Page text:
The customer may be going through most of the car transaction online, but interacting with another person in that process is crucial.
That’s one of the lessons CarMax has picked up in testing its home delivery program, the company’s president and chief executive officer said in an earnings call Wednesday.
, which is being tested in Charlotte, N.C., encompasses more than just the physical drop-off of a car at a customer’s house, CEO Bill Nash said.
The program is really a holistic view of the process, providing a way for consumers to go online to take care of tasks like setting up financing (which actually is now available nationwide) and getting an appraisal on their trade-in (which is being tested in Charlotte, as well.)
Home delivery is currently limited to a 60-mile radius of Charlotte and only within North Carolina, and vehicles can only be delivered to the customer’s work or home.
The process is finalized at the shopper’s home or business — after the car is brought to one of those locations, the customer test-drives the car before he or she actually buys the car. There is also a 5-day guarantee on vehicles bought through this channel.
Nash said he doesn’t envision CarMax “making them do everything online and then bringing them the car already bought.”
At this point, he said, “we’re going to continue to take it to them, let them take it for a test drive, and if they decide not to buy it, then we take it back to the store.”
Nash called this course of action “the right thing to do if we are going to continue to deliver it to home.”
Of course, there are varying state laws throughout the U.S. regarding online and out-of-store sales of which to be mindful. And on the profitability front, Nash said it was a bit too early to get into determining that at this stage.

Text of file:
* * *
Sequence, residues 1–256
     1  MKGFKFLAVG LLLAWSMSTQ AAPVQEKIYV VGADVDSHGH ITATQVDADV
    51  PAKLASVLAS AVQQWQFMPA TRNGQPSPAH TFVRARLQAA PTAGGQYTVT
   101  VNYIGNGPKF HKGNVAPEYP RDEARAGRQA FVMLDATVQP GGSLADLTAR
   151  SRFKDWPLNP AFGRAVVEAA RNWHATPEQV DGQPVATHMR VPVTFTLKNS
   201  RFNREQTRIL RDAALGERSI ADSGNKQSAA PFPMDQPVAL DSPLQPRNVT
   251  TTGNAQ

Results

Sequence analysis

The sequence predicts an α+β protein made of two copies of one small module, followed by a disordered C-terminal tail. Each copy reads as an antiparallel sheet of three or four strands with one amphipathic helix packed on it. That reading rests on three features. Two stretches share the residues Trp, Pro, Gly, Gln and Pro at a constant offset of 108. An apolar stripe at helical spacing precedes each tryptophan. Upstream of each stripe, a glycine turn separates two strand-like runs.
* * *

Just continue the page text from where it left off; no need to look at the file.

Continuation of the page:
But again, one thing that CarMax has been able to determine through is testing is that even with the online processes available, human interaction is key.
“Now, it may mean that they want to come into the store; it may mean that they want to talk to somebody on the phone. But regardless, because of the complexity of the transaction … the majority of consumers, to enhance their experience, generally you have to some type of customer interaction with them,” Nash said.
“So, we’ll continue to develop this product offering, but again, it’s really a series of a bunch of different things — whether it’s online financing, whether it’s online appraisals, whether it’s delivering the car to the house — kind of coming together and giving the customer the best experience possible.”
And CarMax has made upgrades to various pieces of that series. Nash pointed to the digital merchandising of vehicles CarMax has for sale, sharing the success of success of indoor photo studios to eliminate impact of weather to vehicle photos.
CarMax has opened 16 indoor studios throughout the U.S. and plans to open 18 more in fiscal 2018, he said.
Furthermore, CarMax has had online financing available for two quarters.
“We continue to be pleased with the results,” Nash said of the latter. “Customers are engaging well with this offering and it continues to contribute to increased leads, which we believe ultimately generates incremental sales. Now we’re focused on improving the experience and proactively marketing our online financing capability nationwide.”
Nash said the company is currently optimizing that online finance process and ensuring that it its “tailoring that specifically for different customers.”
CarMax is also testing online appraisals in Charlotte, which allows shoppers to provide information online and get a specific appraisal value on their car. “We’re receiving great back from both our customers and our sales team and are planning to expand the test to two more stores in Charlotte next quarter,” Nash said.
He said the company continues to “focus on learning how we can deliver CarMax’s hallmark exceptional experience to customers wherever and whenever they want to shop. We continue our home delivery test and one key learning we have found is human intervention at the right time is important to getting our customers the personalized experience that they expect.
“Our goal with this test is to build the functionality needed to fully integrate our online and instore experiences so that we can offer as much or as little of the car-buying process online as each customer wants.”
Asked about expanding home delivery, Nash said the company is “evaluating different options right now.”
In the meantime, it continues to fine-tune the process in Charlotte.
“I personally believe that consumers want to do more of the transaction online, and to the point that we can make that as easy as possible, speed up the transaction when they come into the store … then that’s a good thing for the customer,” he said. “As far as being able to do it all online, that’s our home delivery test, we’ve got that in a market right now and we’ll continue to improve that experience.”